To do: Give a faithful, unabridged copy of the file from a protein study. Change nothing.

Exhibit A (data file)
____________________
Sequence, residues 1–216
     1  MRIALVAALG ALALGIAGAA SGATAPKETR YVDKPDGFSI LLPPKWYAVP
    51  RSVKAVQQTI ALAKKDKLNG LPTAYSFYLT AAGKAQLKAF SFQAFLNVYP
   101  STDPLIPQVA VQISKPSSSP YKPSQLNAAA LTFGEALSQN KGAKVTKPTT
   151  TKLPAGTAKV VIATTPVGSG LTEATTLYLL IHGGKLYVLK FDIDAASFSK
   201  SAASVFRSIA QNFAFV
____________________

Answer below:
Sequence, residues 1–216
     1  MRIALVAALG ALALGIAGAA SGATAPKETR YVDKPDGFSI LLPPKWYAVP
    51  RSVKAVQQTI ALAKKDKLNG LPTAYSFYLT AAGKAQLKAF SFQAFLNVYP
   101  STDPLIPQVA VQISKPSSSP YKPSQLNAAA LTFGEALSQN KGAKVTKPTT
   151  TKLPAGTAKV VIATTPVGSG LTEATTLYLL IHGGKLYVLK FDIDAASFSK
   201  SAASVFRSIA QNFAFV